Confidential Workplace Investigations Are Now Presumptively Lawful Under the National Labor Relations Act
In Apogee Retail LLC d/b/a Unique Thrift Store, 368 NLRB No. 144 (Dec. 16, 2019), the Board continued its reversal of Obama-era precedent by holding that work rules requiring employees to maintain confidentiality during workplace investigations are presumptively lawful. In so doing, the Board overruled Banner Estrella Medical Center, a decision issued during the Obama administration, which allowed employers to restrict discussion of workplace investigations only when the employer could prove that it had “legitimate and substantial business justifications” that outweighed employees’ Section 7 rights under the National Labor Relations Act (“NLRA”) to engage in concerted activity. For example, in Banner Estrella Medical Center an employer could not prohibit employees from speaking with each other to agree to contradict allegations being investigated by management. The ruling in Banner Estrella Medical Center affected all employers because NLRA Section 7 protections for “concerted protected activity” apply to substantially all private-sector employers, regardless of whether or not any of the company’s employees are represented by a labor union (however, executives, managers and supervisors are excluded from the protections of the NLRA).
The issue in Apogee was whether a facially neutral confidentiality rule unlawfully limited an employee’s NLRA Section 7 right to “engage in concerted activity for mutual aid or protection.” The Board majority found that such a rule did not violate Section 7 because employers have several legitimate justifications for insisting on employee confidentiality. Among other things, confidentiality contributes to a prompt investigation that can prevent further misconduct and protects complainants and witnesses from potential reprisal from coworkers who are involved in the misconduct under investigation. Finally, and particularly in cases that involve multiple perpetrators, confidentiality protects the integrity of the investigation by avoiding falsified defenses, destruction of evidence and other improper interference with management’s investigation of employees’ alleged misconduct.
Contrary to the dissent of one Board Member, the majority concluded that these justifications easily outweighed the “comparatively slight” impact on employees’ Section 7 rights because investigative confidentiality applies to a narrow subset of employee communications, i.e., information arising during an ongoing investigation. Employees are not broadly prohibited from discussing the employer’s disciplinary practices and policies, incidents that could lead to discipline, the incident at issue, or any other workplace issues generally. Rather, employees are required only to refrain from disclosing “what they say or hear during an investigative interview concerning [a specific disciplinary] incident.”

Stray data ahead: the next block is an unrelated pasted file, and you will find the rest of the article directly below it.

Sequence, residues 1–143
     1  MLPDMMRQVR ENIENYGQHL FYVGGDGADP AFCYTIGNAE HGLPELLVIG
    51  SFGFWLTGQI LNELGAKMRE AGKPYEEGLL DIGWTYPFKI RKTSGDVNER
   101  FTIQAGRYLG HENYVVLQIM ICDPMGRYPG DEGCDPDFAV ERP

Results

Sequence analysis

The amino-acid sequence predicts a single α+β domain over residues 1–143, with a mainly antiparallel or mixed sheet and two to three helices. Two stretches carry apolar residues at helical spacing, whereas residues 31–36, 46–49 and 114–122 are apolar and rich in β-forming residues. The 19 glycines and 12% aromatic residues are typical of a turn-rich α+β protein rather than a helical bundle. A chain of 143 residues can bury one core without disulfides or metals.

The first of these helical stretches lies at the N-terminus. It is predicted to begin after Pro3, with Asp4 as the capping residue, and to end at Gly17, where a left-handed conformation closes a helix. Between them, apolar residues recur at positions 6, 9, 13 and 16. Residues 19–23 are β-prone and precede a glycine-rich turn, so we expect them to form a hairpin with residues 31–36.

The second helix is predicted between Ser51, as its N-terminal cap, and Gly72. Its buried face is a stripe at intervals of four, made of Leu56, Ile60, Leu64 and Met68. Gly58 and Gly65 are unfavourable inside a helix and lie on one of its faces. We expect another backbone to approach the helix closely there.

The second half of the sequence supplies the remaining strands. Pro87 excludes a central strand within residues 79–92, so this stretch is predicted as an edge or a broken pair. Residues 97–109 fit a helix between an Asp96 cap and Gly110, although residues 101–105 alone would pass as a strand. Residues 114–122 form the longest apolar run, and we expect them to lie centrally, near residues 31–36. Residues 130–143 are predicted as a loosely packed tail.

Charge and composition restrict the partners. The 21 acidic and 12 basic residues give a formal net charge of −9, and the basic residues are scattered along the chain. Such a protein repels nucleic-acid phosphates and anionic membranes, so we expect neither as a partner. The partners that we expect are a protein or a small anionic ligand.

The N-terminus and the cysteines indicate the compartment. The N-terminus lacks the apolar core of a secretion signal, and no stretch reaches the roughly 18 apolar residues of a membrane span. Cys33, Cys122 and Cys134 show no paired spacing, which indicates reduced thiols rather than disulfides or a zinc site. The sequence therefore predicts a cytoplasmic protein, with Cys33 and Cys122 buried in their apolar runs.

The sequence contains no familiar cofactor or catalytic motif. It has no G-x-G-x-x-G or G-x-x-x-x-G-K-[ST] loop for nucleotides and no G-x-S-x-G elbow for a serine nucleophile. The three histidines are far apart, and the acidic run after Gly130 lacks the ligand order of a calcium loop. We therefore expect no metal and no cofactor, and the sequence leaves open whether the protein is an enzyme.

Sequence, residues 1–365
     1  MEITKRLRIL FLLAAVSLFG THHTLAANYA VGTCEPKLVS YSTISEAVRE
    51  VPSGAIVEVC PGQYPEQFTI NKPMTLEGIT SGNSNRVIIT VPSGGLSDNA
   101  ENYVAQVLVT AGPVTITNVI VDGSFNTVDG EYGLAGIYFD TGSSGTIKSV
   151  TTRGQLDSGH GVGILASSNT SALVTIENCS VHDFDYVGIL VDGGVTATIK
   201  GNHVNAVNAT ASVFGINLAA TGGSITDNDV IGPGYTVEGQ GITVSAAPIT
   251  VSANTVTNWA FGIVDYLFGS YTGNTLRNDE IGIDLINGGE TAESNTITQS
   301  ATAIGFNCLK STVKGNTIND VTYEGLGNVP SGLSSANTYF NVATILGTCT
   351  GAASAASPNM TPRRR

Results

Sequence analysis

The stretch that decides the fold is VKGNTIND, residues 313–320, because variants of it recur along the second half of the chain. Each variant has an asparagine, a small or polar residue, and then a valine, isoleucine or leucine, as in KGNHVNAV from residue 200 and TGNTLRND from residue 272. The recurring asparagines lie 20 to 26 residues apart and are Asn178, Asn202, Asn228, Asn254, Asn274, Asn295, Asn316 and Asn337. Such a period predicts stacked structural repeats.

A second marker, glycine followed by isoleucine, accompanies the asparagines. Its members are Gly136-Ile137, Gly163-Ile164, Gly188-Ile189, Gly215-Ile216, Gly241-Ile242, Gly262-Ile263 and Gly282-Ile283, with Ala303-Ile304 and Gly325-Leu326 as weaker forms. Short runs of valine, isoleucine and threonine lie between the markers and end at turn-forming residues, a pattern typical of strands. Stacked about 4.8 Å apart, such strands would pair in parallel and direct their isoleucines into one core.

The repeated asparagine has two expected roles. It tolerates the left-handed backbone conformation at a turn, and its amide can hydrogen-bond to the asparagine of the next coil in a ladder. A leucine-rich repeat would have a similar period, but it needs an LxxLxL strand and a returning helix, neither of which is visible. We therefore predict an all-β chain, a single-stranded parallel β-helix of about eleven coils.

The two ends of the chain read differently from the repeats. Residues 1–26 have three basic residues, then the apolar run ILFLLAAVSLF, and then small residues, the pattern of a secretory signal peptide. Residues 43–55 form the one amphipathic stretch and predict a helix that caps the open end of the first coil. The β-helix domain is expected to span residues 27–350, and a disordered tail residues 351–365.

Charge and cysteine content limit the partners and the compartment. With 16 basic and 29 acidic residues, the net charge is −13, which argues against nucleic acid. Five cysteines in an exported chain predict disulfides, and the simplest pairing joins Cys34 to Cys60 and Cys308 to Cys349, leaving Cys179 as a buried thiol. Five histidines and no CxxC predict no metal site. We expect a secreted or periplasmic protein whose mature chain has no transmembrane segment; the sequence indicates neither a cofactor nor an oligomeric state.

The NLRB also noted that its prior decision in Banner Estrella Medical Center was inconsistent with recommendations from the EEOC, which has strongly endorsed investigatory confidentiality of complaints of unlawful discrimination. Contrary to EEOC guidance, the NLRB had previously concluded that employers should take a “case-by-case approach” that created an unreasonable and unnecessary legal “dilemma faced by employers . . . caught between the two regulatory schemes.” Overruling Banner Estrella Medical Center has harmonized the “conflicting legal regimes under which employers operate regarding investigative confidentiality.”
Significance for Management and Next Steps
With this ruling, employers may once again institute work rules that require employees to maintain confidentiality about information shared or received during an ongoing, workplace investigation without risk of liability under the NLRA. Employers may only prohibit employees from discussing what they say or hear during the investigation, however, and may not prohibit discussions about anything they may have learned outside of the investigation about the underlying incident. Employers still cannot adopt strict confidentiality rules regarding post-investigation communications. Rather, after an investigation has been completed, the employer must determine – on a case-by-case basis – whether an employee’s Section 7 rights are properly outweighed by further confidentiality justifications.
Please do not hesitate to contact any of our attorneys if you have any questions regarding this issue or would like assistance reviewing and updating your company’s confidentiality policies.